LONDON – Oil majors are expected to post the worst set of earnings since the onset of the sector’s downturn, with writedowns likely to dominate headlines as companies respond to a further drop in the price of crude in the third quarter.
Between Oct. 26 and Nov. 12 the world’s top listed oil and gas producers will reveal just how badly they’ve been hurt by the 17 percent quarter-on-quarter fall in prices.
Lower fuel costs should provide a little upside for their refining businesses, but the overall pain is expected to be acute.
“Earnings are likely to be the lowest of this downturn,” Morgan Stanley analysts said, forecasting an average 60 percent year-on-year fall in net third-quarter income among Europe’s biggest integrated oil companies.
The worst downturn in decades, driven by a global oil supply glut, has prompted the majors to make drastic cuts to investment budgets, mainly aimed at costly exploration activities.
The most high-profile victim has been Shell’s controversial drilling program in the Alaskan Arctic. The company announced its withdrawal from the Chukchi Sea last month, resulting in a potential $4.1 billion write-off.
The huge impairment comes as investors begin questioning whether Shell is overpaying on its $70 billion acquisition of smaller rival BG Group.
The fall in energy prices has heaped pressure on Shell to justify the deal on which it is relying for future growth in the LNG market and offshore frontiers such as Brazil.
Analysts at Nomura say that further impairments across the industry are likely, estimating that 20 percent of upstream investments could be at risk if companies lower their oil price assumptions for the coming years to about $70 a barrel.
“Impairments will highlight the level of value destruction the industry has overseen as it has chased growth over returns in the past 10 years,” they said in a recent research note.
The price of Brent crude averaged $51.40 a barrel in the third quarter, compared with $105.60 a year earlier.
CLARITY ON BP
BP’s Macondo oil spill settlement, which the company has estimated will cost about $54 billion, finally gives investors clarity on the size of the bill. BP will need to pay off its bill for the next 18 years, but analysts at UBS said that the financial predictability will allow BP to go on the hunt for mergers and acquisitions.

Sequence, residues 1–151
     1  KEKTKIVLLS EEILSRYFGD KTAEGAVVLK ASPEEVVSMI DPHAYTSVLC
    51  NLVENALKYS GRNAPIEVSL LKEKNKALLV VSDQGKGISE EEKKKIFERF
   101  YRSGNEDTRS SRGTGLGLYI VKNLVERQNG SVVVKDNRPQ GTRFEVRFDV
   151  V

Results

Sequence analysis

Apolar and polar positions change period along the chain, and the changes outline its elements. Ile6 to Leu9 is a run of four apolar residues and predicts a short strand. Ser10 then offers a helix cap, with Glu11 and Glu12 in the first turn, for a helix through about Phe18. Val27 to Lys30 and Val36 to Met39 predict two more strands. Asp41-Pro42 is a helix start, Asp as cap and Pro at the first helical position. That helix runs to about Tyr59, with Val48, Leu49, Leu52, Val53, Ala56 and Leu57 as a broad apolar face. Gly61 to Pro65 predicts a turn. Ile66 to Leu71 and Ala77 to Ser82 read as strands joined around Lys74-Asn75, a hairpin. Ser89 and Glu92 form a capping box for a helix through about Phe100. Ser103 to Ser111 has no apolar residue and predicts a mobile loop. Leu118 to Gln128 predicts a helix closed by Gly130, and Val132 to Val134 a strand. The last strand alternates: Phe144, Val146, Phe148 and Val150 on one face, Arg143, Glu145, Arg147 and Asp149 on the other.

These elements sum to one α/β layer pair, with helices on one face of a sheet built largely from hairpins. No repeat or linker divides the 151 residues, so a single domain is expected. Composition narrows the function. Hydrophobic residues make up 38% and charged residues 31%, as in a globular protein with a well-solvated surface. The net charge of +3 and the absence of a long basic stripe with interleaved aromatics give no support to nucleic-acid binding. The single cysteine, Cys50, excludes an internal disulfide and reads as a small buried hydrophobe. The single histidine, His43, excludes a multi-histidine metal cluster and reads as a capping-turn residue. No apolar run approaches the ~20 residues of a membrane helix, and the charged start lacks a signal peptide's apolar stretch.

Downstream results are expected to again help majors bridge troubled times and could, as in previous quarters, take the market by surprise.
Europe’s largest refiner Total is one of the biggest beneficiaries of weak oil prices.
The company said last week that its European refining margins indicator rose to $54.80 a tonne in the third quarter, its highest in at least 12 years.
The French company is also progressing well with its divestment program, though it has ruled out the possibility of exceeding the target of $10 billion of disposals by 2017.
Sector analysts’ investment tips vary widely, but Total remains one of the top picks, with Statoil and Shell also among the companies that currently attract most “buy” recommendations.
Shareholder dividends are expected to remain sacrosanct.
So far only Eni has cut its payout in response to weak oil prices, though others have weighted their payouts towards scrip dividend programs, meaning that shareholders gain equity instead of cash.
“Covering the dividend is the cornerstone of everything we are doing,” Total’s Chief Financial Officer Patrick de la Chevardiere said at a recent press event in London.
Other companies reporting include ExxonMobil, ConocoPhillips, Chevron, OMV and Repsol.
(Additional reporting by Amanda Cooper in London and Soumithri Mamidipudi in Bengaluru; Editing by David Goodman)
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